N. Korea executed at least 17 citizens in 2013: report

By Shin Hyon-hee
  • Published : Jul 22, 2014 - 21:19
  • Updated : Jul 22, 2014 - 21:19
North Korea executed at least 17 of its citizens in 2013 and six in the first half of this year, mostly for political motives and nonviolent crimes, a civic group said Monday, pointing to rampant breaches of human rights in the communist country.

In an annual report on the death penalty, the Brussels-based rights group Hands Off Cain said at least 4,106 executions took place in 22 countries last year.

Topping the list is China with at least 3,000, followed by Iran with 687, Iraq with 172, Saudi Arabia with 78 and the U.S. with 39.

In North Korea, the killings were carried out by firing squad and chiefly targeted political prisoners such as Jang Song-thaek, the purged uncle of leader Kim Jong-un, and his confidants, it said.

North Korea carried out 20 executions in 2012, the group said.

But the organization indicated that the real figures could be much higher in such countries as North Korea, Egypt, Malaysia and Syria, where “absolute secrecy” is enforced by authorities and news of executions does not filter through to the local media.

“Many of these countries do not issue official statistics on the practice of the death penalty, therefore the number of executions may, in fact, be much higher,” it said.

The latest data on North Korea is in line with a survey released in February by the U.N. Commission of Inquiry, which detailed “systematic, widespread and gross” human rights violations in the oppressive country that constitute crimes against humanity. It called for the offenders including leader Kim Jong-un to be brought to an international criminal justice mechanism.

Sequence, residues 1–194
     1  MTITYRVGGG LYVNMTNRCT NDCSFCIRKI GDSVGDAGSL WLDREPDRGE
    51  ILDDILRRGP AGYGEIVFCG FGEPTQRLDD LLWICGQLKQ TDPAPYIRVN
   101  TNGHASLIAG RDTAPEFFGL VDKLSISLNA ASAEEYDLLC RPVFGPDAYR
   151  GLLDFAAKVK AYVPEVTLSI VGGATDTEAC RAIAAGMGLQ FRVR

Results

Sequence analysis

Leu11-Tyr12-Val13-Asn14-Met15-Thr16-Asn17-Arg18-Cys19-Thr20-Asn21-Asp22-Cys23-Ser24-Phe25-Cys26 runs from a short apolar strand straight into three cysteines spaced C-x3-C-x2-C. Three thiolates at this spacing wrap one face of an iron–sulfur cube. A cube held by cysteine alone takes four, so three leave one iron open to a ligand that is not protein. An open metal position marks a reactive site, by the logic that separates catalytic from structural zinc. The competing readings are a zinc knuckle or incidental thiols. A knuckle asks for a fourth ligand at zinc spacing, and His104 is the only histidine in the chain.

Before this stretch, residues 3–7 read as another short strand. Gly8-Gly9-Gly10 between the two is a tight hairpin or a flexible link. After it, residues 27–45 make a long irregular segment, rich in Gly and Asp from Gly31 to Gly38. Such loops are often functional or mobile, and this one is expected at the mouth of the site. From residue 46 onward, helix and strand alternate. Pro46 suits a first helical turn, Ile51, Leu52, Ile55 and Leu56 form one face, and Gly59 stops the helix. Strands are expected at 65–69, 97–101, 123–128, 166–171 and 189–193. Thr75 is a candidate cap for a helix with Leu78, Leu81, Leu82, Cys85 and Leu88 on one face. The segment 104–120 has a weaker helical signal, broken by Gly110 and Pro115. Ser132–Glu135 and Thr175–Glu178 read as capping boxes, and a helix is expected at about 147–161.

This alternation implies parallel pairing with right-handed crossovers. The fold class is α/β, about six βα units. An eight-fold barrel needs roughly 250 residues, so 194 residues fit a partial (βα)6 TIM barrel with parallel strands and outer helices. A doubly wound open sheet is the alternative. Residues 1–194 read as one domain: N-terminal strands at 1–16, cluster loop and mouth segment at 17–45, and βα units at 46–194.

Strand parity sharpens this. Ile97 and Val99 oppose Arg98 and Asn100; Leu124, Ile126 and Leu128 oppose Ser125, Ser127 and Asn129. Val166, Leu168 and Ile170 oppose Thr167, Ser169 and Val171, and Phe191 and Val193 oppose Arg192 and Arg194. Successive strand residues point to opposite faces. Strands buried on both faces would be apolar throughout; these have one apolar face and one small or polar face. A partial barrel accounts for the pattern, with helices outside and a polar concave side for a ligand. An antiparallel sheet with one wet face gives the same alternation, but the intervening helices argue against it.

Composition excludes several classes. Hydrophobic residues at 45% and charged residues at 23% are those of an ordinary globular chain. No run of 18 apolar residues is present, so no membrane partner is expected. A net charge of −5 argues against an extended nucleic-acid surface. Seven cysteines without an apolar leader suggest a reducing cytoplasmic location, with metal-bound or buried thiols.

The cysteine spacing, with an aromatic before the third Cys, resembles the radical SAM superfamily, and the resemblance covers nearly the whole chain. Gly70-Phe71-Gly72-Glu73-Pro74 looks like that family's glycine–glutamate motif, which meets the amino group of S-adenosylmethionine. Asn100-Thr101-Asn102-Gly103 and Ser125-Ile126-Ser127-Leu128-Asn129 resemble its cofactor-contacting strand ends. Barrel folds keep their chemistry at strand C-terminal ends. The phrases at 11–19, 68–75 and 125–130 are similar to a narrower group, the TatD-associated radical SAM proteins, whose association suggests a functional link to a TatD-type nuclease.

The landmark report estimated that between 80,000 and 120,000 political prisoners are locked in sprawling gulags across the country, based on satellite imagery and testimony from survivors, former guards and other witnesses.

They reported systematic torture, executions, rape, slave labor and “the denial of reproductive rights enforced through punishment, forced abortion and infanticide.”

Pyongyang denies the existence of the clandestine prison camps.

“The unspeakable atrocities that are being committed against inmates of the kwanliso political prison camps resemble the horrors of camps that totalitarian states established during the 20th century,” the report reads.

“The institutions and officials involved are not held accountable. Impunity reigns.”

As a follow-up measure, the Office of the High Commissioner for Human Rights plans to launch a field office in South Korea to monitor and study the situation across the border.

The office is expected to open in the autumn in Songdo, a business district of Incheon that houses various U.N. agencies, with about five officials from the headquarters and local staff, according to Seoul officials.

By Shin Hyon-hee (